Tuesday, September 25, 2012
Writing in The Flavor Thesaurus, Niki Segnit observes that, "As a society lady at the turn of the twentieth century, you were nobody until you'd had a peach-based dessert named after you." She cites Sarah Bernhardt's peches aiglon, singer Blanche d'Antigny's coupe d'Antigny, and the peaches-and-kirsch concoction known as "Princess Alexandra".
Around the same time but a world away, the women who settled the Pacific Northwest were also intent on peaches and posterity, making summer's bounty last a little longer with the help of peach pickles. Jacqueline B. Williams includes one 19th century recipe in The Way We Ate: Pacific Northwest Cooking, 1843-1900; since it called for nine pounds of peaches and some spices that I don't keep in the pantry, I made a few adjustments.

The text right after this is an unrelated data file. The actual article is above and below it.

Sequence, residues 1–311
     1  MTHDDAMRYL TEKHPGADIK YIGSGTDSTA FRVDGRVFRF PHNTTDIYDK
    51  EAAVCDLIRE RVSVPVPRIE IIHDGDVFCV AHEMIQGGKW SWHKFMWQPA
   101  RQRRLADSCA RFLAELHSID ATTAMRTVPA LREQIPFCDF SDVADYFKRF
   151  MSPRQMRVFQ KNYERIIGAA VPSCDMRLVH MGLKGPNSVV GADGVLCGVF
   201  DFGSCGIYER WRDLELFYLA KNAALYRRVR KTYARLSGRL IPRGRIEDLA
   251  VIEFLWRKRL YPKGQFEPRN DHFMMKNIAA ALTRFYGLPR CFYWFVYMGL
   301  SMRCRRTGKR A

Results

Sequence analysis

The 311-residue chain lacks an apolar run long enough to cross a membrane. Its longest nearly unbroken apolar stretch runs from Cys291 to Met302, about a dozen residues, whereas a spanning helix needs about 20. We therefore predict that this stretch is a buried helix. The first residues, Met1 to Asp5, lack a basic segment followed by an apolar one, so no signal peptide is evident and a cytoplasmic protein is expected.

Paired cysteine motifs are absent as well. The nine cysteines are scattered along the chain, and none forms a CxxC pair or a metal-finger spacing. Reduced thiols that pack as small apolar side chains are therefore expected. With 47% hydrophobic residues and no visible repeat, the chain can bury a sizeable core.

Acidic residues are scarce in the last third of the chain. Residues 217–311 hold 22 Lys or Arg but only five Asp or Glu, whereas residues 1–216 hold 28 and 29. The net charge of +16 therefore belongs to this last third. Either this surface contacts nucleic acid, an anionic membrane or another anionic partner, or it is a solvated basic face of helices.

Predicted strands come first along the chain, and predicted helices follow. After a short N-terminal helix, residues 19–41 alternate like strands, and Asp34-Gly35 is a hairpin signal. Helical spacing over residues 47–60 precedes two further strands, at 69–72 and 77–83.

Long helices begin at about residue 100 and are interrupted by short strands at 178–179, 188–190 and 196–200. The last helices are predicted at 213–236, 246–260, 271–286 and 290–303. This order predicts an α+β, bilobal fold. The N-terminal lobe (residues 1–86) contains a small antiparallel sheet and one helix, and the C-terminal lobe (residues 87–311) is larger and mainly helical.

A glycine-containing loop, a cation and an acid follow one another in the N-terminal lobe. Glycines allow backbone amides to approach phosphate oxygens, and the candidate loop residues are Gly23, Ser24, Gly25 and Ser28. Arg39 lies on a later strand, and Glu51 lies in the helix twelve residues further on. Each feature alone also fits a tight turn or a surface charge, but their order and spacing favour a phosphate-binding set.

-Wash and dry 1 1/2 lbs of ripe but firm peaches; halve them and remove the pits.
-Combine 1/2 lb sugar, 1/2c white vinegar, 2 sticks cinnamon, 12 cloves, and 1 Tbs cardamom seeds; bring the mixture to a boil, then lower the heat and reduce the liquid to a syrup.
-Remove the syrup from the heat and gently add the fruit, stirring to coat.
-Follow your usual canning procedure or pack the cooled fruit and syrup in a jar and store in the fridge.
-Eat as-is or with vanilla ice cream, and use the delicious syrup as a dessert topping or drink flavoring.
Saturday, September 22, 2012
St Demetrios Greek Festival, $5
The organizers of the annual Greek Festival at Seattle's St Demetrios Greek Orthodox Church have clearly learned a few things since the festival was first held in 1960. After fifty-two years, they have celebrating down to a science.